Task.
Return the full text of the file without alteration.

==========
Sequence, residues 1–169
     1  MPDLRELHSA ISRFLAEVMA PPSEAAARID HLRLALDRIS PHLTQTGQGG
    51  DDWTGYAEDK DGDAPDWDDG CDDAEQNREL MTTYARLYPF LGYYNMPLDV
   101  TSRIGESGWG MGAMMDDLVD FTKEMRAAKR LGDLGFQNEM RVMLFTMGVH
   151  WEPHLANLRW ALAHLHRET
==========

Sequence, residues 1–169
     1  MPDLRELHSA ISRFLAEVMA PPSEAAARID HLRLALDRIS PHLTQTGQGG
    51  DDWTGYAEDK DGDAPDWDDG CDDAEQNREL MTTYARLYPF LGYYNMPLDV
   101  TSRIGESGWG MGAMMDDLVD FTKEMRAAKR LGDLGFQNEM RVMLFTMGVH
   151  WEPHLANLRW ALAHLHRET